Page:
My Patients Are Sicker Than Ever
We're all well aware of the fattening of our patients. Years ago facilities rented bariatric equipment. Now they own it. Obesity compounds other medical problems as well as interfering with mobilization, and the trend continues. I've noticed another trend that doesn't seem to be getting attention. Our patients are sicker than they've ever been.
My facility has always been known for accepting critically ill patients. But the ones we get now are more dead than alive. It isn't that they're acutely ill. Acuity doesn't always correlate with severity of illness. Some of them have been chronically ill for years. The severity of how ill they are has changed.
Even our "better" patients are in bad shape. Our liaisons aren't going out of their way to find these patients. This is what is in our hospitals. This is what is being discharged. The less severely ill are being sent home.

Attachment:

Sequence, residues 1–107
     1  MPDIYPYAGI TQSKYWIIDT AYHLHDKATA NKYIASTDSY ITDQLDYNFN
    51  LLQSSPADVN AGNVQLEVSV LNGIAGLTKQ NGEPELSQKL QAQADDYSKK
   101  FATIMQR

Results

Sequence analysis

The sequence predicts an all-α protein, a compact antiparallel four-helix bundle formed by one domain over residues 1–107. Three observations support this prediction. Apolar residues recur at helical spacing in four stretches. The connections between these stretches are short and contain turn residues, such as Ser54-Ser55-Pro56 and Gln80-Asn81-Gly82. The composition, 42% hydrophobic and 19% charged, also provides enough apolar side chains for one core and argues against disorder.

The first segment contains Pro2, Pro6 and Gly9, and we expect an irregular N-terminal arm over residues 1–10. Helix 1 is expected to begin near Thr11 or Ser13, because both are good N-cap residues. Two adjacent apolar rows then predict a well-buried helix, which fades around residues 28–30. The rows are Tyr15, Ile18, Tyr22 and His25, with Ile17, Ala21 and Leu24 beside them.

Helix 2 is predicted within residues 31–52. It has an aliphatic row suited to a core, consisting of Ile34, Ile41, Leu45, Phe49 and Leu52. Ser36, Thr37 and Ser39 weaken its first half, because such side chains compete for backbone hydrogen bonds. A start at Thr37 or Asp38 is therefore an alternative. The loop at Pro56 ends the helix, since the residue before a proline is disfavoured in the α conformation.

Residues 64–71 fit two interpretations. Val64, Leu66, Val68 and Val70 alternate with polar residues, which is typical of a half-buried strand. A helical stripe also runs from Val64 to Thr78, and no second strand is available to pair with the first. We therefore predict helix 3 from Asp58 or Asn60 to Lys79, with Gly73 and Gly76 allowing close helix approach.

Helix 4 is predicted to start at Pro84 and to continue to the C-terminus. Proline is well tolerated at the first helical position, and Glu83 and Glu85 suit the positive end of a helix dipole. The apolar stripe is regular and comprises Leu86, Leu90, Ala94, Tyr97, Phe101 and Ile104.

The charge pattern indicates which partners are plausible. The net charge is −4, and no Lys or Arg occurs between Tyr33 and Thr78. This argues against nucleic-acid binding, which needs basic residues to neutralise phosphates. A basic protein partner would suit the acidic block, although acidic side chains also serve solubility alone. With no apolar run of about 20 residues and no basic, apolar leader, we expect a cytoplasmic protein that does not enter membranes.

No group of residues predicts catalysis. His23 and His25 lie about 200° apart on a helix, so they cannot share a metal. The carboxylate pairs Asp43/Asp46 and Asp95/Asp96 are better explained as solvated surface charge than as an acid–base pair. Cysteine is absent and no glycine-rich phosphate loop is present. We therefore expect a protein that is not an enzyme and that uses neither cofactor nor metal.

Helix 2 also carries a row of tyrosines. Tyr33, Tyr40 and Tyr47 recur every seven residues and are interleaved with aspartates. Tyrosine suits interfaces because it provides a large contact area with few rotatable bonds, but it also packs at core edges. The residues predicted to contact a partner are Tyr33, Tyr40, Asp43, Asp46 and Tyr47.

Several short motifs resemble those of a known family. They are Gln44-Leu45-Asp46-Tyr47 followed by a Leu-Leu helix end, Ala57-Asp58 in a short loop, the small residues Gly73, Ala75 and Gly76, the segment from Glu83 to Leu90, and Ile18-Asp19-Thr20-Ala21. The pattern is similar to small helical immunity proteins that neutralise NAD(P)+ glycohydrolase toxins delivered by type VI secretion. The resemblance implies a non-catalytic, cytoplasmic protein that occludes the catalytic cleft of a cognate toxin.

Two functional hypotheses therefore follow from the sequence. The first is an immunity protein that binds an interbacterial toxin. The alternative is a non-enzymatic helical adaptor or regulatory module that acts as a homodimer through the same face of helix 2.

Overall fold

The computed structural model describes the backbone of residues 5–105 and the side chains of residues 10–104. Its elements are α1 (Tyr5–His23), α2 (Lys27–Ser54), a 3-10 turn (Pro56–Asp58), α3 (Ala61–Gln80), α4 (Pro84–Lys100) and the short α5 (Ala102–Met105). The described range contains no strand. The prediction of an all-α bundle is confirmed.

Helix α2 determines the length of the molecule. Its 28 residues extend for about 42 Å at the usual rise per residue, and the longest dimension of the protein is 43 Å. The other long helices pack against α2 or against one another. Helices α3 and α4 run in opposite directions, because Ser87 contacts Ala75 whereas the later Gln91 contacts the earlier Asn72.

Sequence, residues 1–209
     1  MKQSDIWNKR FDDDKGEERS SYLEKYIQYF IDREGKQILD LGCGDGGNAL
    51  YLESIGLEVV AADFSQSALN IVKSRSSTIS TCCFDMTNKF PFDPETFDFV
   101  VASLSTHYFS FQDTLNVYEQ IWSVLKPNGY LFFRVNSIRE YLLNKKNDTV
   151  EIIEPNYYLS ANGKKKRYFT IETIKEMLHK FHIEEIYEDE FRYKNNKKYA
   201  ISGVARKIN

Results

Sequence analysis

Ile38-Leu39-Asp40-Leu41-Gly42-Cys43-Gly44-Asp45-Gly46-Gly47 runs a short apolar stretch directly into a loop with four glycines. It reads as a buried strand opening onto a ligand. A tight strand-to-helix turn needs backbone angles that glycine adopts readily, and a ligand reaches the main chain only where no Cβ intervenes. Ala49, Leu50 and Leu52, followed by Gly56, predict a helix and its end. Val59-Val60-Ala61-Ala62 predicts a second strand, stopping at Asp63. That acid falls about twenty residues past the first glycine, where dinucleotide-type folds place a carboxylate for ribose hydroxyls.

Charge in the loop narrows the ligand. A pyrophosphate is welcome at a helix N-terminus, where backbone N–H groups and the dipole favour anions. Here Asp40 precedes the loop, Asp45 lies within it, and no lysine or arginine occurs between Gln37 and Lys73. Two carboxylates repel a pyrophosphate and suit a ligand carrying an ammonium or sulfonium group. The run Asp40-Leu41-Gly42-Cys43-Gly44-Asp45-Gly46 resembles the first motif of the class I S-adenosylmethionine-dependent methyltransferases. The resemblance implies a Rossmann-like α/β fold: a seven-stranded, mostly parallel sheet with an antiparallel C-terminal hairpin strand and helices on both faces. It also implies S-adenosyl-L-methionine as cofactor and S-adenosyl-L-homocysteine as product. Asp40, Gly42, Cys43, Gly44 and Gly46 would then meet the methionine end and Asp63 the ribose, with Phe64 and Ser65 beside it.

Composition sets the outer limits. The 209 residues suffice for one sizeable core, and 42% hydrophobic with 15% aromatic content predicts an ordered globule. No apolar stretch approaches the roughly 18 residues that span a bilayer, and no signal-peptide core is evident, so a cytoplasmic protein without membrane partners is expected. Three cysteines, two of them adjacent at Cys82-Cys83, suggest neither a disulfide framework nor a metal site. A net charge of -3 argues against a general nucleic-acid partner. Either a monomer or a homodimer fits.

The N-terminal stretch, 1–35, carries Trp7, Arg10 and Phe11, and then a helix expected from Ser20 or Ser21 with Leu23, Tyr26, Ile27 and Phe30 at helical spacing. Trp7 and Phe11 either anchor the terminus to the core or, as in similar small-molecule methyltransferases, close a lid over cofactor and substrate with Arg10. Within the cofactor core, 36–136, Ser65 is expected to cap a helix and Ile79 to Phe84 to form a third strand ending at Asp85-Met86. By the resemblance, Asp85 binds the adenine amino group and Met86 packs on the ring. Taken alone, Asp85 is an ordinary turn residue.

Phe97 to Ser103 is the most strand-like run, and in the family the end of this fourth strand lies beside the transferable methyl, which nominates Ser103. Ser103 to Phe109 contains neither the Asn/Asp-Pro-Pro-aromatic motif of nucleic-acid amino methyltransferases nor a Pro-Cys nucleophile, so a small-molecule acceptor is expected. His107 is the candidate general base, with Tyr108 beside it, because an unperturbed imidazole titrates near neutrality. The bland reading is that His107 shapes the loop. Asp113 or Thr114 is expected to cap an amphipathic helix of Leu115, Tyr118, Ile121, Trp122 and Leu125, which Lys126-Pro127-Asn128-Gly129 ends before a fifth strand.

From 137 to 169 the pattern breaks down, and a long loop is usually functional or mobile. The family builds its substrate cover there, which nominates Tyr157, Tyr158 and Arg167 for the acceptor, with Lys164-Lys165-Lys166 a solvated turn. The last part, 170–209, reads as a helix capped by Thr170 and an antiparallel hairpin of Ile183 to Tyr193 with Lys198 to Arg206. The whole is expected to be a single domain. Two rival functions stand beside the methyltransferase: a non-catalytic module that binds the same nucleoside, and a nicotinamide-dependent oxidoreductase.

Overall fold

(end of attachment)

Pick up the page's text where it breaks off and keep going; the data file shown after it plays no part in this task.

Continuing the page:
Nursing homes are also feeling it. I've heard several complaints on the weekends of how the admissions aren't as good as they used to be. Trach patients are much more common.
We can blame our reimbursement structure for some of this problem. In an LTAC, the sicker the patient is, the higher the reimbursement for care we receive. The same is true of DRGs. On the flip side, payers limit the length of stay so the less sick are sent home to be cared for by home health.
The other piece of this puzzle is that patients are living longer and developing more chronic diseases. Combinations of DM, HTN, renal failure and CHF pack quite a wallop, especially if they're not well controlled. I can't remember the last evaluation I did that didn't list something in the past medical history as out of control.
It isn't going to get better. It is the way things are now.